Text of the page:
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George Olshevsky wrote:

<<--particulary the nearly insane notion that segnosaurs are 
bullatosaurs related to ornithomimids (!).  What next?  Frogs that are 
the sister group of cats?>>

Calm down.  You seem to be saying that since this proposal makes no 
sense to you that it is an insane notion.  Some people are just 
interpreting the evidence different from the way that you see it, that's 
it.  There is no reason to call the idea insane (and by extension the 
supporters of the idea by the way you worded it) unless you have or can 
show good evidence that it is akin to making anurans the sister group of 

Basically what this whole debate boils down to is how people interpret 
the evidence at hand.  For G.O. and Tracy Ford therezinosaurs cannot 
possibly be theropods, much less bullatosaurs, because they have a 
"four-toed" pes (among other things).  They consider it an almost 
impossible reversal that undermines the idea that therezinosaurs are 
theropods.  For Jon Wagner et al. the characters that therezinosaurs 
share with theropods, and the characters that they do not share with 
prosauropods and ornithischians, show that therezinosaurs are theropods 
and may most possibly be as high up as the Bullatosauria or 
Oviraptorosauria.  For them (including me) the pedal characters can be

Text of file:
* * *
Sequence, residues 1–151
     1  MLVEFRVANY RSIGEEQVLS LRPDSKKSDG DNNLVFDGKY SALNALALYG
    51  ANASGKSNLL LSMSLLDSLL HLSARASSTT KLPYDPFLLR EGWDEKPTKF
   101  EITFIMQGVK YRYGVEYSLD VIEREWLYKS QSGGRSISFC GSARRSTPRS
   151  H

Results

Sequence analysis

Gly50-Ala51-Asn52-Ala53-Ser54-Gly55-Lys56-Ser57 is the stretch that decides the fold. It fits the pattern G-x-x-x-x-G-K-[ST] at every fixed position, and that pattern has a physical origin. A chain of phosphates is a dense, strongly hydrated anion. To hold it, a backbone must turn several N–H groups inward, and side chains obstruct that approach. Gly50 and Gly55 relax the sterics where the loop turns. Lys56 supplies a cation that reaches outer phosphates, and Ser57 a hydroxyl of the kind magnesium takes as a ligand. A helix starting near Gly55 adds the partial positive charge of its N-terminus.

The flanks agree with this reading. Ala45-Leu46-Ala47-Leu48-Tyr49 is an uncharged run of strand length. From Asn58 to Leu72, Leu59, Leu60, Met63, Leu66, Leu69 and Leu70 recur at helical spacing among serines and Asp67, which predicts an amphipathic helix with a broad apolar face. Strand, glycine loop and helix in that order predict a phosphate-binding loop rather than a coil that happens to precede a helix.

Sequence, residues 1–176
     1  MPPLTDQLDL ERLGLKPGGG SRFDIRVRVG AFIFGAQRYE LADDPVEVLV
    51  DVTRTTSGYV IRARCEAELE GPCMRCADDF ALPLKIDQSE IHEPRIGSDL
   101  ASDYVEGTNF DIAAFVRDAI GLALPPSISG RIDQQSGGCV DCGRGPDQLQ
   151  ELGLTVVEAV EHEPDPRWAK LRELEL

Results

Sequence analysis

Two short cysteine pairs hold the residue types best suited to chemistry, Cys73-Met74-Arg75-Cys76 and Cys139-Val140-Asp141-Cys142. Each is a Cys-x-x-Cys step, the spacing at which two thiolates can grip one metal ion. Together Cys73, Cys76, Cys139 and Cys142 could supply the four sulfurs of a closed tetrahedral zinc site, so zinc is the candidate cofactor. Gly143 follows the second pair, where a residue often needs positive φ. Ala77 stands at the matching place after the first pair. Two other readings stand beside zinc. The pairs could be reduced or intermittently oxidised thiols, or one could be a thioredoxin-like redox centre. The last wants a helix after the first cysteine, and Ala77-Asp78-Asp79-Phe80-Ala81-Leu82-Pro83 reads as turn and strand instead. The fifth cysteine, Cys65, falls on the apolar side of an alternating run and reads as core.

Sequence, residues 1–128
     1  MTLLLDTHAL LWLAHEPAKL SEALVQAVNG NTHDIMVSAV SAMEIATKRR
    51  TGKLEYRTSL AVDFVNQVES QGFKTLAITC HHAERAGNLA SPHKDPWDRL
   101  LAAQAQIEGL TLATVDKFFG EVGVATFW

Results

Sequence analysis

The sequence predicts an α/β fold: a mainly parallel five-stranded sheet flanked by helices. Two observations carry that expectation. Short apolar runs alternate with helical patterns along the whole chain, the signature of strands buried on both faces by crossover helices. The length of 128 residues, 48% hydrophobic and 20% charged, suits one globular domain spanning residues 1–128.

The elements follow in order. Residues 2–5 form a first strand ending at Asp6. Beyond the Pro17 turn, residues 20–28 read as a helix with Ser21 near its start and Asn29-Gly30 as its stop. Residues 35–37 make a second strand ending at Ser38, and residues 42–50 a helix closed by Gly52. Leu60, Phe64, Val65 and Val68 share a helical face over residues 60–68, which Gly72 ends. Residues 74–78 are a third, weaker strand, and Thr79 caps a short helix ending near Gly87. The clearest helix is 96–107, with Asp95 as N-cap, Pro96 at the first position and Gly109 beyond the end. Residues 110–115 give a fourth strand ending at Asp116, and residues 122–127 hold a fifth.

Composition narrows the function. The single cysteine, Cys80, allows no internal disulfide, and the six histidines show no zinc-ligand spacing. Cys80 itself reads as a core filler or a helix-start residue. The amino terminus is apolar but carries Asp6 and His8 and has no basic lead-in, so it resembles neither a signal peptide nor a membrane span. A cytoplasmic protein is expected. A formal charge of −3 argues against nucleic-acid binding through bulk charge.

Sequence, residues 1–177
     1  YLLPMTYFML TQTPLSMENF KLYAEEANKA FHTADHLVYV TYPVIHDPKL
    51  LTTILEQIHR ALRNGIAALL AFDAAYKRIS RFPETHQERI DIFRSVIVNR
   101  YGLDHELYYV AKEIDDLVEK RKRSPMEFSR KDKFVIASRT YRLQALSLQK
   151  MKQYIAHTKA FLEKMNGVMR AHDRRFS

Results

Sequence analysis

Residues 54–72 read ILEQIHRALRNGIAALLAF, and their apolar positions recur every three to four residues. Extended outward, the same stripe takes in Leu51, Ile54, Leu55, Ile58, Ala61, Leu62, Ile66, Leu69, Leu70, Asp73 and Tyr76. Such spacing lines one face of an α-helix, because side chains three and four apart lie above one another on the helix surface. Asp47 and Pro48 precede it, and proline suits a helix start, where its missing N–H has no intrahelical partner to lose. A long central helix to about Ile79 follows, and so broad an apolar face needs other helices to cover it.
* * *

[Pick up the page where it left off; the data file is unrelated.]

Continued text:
considered a reversal or a rebroadening and lengthening of certain 
elements within the foot.  It should be noted that the dorsal surface of 
metatarsal I does not contact the distal tarsals and this makes the 
therezinosaurid pes more theropod-like.  Along with the expanded and 
inflated parabasiphenoid, the teeth,  the mandible, the shoulder girdle, 
and the preacetabular region of the pelvis it seems possible (to me, 
Peter Buchholz, and Paul Sereno) that therezinosaurs are most related to 
ornithomimosaurs, but not directly descended from them.  Of course, this 
is one way that one can look at the evidence.  


Reversals happen in evolution frequently.  If you have a knowledge of 
groups other than archosaurs (hint, hint ;) ) you can tell that within 
the fairly well-established phylogenies of living animals that reversals 
happen quite often.  For example, the tabular bones of basal reptiles, 
they are lost in most mammals primitively (or at least near "therians").  
But two groups of mammals retain the tabulars: multituberculates and 
chrysochlorids.  Not only are these two groups true mammals, the 
possession of tabulars is considered a true reversal at least in 
chrysochlorids (golden moles).  This is a reversal that is far harder to 
complete than the elongation of the first metatarsal in therezinosaurs 
because it involves a reorganization of the braincase.  Now, using the 
logic that is used by Olshevsky and Ford, we can now conclude two things 
about mammalian phylogeny: 1) that chrysochlorids and multituberculates 
are sister groups; 2) that they either retain a primitive position in 
the Mammalia or are outside Mammalia (and possibly Mammalimorpha) 
altogether.  Of course, both of these conclusions would be ludricrous, 
chrycholorids are obviously eutherians by those features that define 
Eutheria.  Now, can you explain a reversal like this?  Can you tell the 
bearing that it has on the issue of the therezinosaurid pes?

>I think we've put in enough time for at least an honorable mention. :)

OK, Jon Wagner deserves special mention for his wrestling with George 
Olshevsky on the matter of therezinosaurs.  ;-)


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